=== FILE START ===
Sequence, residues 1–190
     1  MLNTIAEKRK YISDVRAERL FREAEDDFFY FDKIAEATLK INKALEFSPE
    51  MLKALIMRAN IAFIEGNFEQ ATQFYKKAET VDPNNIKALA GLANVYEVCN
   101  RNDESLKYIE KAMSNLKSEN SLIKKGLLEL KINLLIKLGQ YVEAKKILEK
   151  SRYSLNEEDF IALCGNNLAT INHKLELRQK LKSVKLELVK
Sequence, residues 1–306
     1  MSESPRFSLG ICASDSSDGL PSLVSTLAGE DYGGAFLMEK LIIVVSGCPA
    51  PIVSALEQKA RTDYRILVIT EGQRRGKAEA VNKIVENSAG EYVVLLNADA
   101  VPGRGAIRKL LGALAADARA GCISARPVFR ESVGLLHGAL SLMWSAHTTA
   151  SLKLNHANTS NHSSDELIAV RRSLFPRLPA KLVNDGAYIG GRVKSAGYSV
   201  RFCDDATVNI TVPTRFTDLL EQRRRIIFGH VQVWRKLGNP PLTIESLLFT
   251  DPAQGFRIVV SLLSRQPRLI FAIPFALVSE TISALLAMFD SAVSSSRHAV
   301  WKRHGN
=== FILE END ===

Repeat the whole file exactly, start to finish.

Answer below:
Sequence, residues 1–190
     1  MLNTIAEKRK YISDVRAERL FREAEDDFFY FDKIAEATLK INKALEFSPE
    51  MLKALIMRAN IAFIEGNFEQ ATQFYKKAET VDPNNIKALA GLANVYEVCN
   101  RNDESLKYIE KAMSNLKSEN SLIKKGLLEL KINLLIKLGQ YVEAKKILEK
   151  SRYSLNEEDF IALCGNNLAT INHKLELRQK LKSVKLELVK
Sequence, residues 1–306
     1  MSESPRFSLG ICASDSSDGL PSLVSTLAGE DYGGAFLMEK LIIVVSGCPA
    51  PIVSALEQKA RTDYRILVIT EGQRRGKAEA VNKIVENSAG EYVVLLNADA
   101  VPGRGAIRKL LGALAADARA GCISARPVFR ESVGLLHGAL SLMWSAHTTA
   151  SLKLNHANTS NHSSDELIAV RRSLFPRLPA KLVNDGAYIG GRVKSAGYSV
   201  RFCDDATVNI TVPTRFTDLL EQRRRIIFGH VQVWRKLGNP PLTIESLLFT
   251  DPAQGFRIVV SLLSRQPRLI FAIPFALVSE TISALLAMFD SAVSSSRHAV
   301  WKRHGN